Cover

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Frontmatter

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Contents

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p. vii

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Foreword

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pp. ix-xii

In this fascinating study of the creation and preservation of botanical knowledge, Frieda Knobloch most of all asks us to consider how we image—and imagine—the order of the world. The sciences propose many answers to her question. Anyone who has taken introductory chemistry classes in high...

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Preface and Acknowledgments

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pp. 1-12

This book is a record of transformations both of my subjects and of my own. Its chapters are experiments. They tell stories in different ways, and their order is another story, in academic prose giving way to narrative and memory, about the ways we learn from (and about) people in specific places. A...

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Work in Place

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pp. 15-38

This is a brief study of the role of place in shaping intellectual work, particularly scientific field work about that place, in an individual life.1 The work included botany and public advocacy for people’s knowledge and pleasure in the nonhuman world, especially where they lived; the place was and...

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Specimens

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pp. 39-72

The Rocky Mountain Herbarium now occupies the third floor of the Aven Nelson Memorial Building on the west end of the University of Wyoming campus, near the oldest university building and Nelson’s first workplace. It was built to house the university’s library in 1922; its construction was one of...

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Album

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pp. 73-84

Ruth Elizabeth Ashton was born 29 November 1896 in Roxbury, Massachusetts. Ruth told Aven’s biographer, Roger Williams, that she was “reared on Martha’s Vineyard where her interest in plants first blossomed during her childhood.”1 Former student Jane Ramsey, who took classes from Ruth in Rocky Mountain National Park and interviewed her in 1984, said she was “devoted to...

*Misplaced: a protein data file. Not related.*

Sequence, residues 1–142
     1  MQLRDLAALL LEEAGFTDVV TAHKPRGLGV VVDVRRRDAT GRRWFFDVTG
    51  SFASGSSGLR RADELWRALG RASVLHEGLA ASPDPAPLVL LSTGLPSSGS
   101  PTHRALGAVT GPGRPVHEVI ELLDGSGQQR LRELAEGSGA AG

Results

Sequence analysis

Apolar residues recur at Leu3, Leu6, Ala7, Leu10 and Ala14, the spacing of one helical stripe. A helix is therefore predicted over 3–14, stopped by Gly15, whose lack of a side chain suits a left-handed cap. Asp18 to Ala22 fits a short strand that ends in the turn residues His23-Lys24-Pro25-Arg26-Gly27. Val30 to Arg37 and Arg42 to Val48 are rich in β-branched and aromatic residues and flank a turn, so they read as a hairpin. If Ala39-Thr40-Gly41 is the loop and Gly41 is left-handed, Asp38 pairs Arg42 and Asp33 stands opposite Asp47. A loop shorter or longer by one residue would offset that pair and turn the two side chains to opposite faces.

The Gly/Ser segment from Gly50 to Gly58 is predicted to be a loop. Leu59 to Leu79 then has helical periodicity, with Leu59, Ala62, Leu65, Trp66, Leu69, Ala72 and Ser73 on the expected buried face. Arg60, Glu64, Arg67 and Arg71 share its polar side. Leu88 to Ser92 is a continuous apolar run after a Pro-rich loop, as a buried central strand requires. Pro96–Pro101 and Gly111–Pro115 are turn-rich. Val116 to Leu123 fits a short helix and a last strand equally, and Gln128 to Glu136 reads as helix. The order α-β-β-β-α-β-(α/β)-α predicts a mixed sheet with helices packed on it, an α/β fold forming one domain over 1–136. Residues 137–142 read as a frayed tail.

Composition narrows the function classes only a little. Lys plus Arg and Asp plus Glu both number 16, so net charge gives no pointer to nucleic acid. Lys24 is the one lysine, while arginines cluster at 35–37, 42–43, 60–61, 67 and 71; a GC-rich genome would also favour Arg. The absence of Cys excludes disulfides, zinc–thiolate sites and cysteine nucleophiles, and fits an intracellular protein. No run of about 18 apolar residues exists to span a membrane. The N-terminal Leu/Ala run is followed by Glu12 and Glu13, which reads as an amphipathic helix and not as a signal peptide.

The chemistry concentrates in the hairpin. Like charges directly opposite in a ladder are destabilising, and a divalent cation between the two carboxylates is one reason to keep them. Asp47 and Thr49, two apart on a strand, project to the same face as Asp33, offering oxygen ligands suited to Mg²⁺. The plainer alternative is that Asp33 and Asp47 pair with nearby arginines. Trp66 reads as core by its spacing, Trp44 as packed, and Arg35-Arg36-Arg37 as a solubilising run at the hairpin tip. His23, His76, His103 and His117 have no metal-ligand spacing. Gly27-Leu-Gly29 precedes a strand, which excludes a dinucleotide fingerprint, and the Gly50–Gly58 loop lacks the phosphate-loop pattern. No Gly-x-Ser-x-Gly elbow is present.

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Letters

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pp. 85-102

Dear Mrs. Nelson, I’m writing because I have been working with the papers you left to the University of Wyoming archive, and your collection books at the Rocky Mountain Herbarium. I have been interested in the work of the herbarium since I came to the university in 1997 and have been grateful to be able to...

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Habeas Corpus

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pp. 103-130

On 15 July 1959 in Glacier National Park near Avalanche Creek, Ruth Nelson wrote enigmatically in her travel journal: “Reflections—objects passing behind me (as I sit in the car) are imperfectly reflected in the opposite glass of the windows—by turning to reality I see the true, correct...

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Collecting

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pp. 131-156

I notice his age first, because he is thirty-six, and so am I. His clothes are formal by my standards—vest, trousers, jacket. Sensible boots laced up above his ankles. He looks midwestern, sturdy and blond, scholarly now, and slight. He seems comfortable here. I won’t disturb him. He is curved over plant specimens...

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Red Desert Reprise

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pp. 157-158

A year later I go back. I go back to walk up Oregon Buttes again—a palpable being on the edge of the desert. It is as much a sound as it is anything else. I go back to see someone. Some of his country is on the other side of the divide, in the mountains, with the elk, moose, deer, creeks, fish, and hunting...

Notes

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pp. 159-175

Bibliography

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pp. 177-182